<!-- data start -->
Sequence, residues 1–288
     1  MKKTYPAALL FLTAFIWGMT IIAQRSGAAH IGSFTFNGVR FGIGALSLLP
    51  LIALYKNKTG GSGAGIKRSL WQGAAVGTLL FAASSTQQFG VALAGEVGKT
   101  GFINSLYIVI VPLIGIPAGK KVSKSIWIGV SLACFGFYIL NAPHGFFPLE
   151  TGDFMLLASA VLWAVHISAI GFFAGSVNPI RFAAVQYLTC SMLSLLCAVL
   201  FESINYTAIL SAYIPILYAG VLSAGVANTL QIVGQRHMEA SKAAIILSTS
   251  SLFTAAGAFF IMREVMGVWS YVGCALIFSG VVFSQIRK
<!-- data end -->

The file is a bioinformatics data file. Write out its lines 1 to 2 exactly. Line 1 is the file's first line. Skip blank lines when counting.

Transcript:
Sequence, residues 1–288
     1  MKKTYPAALL FLTAFIWGMT IIAQRSGAAH IGSFTFNGVR FGIGALSLLP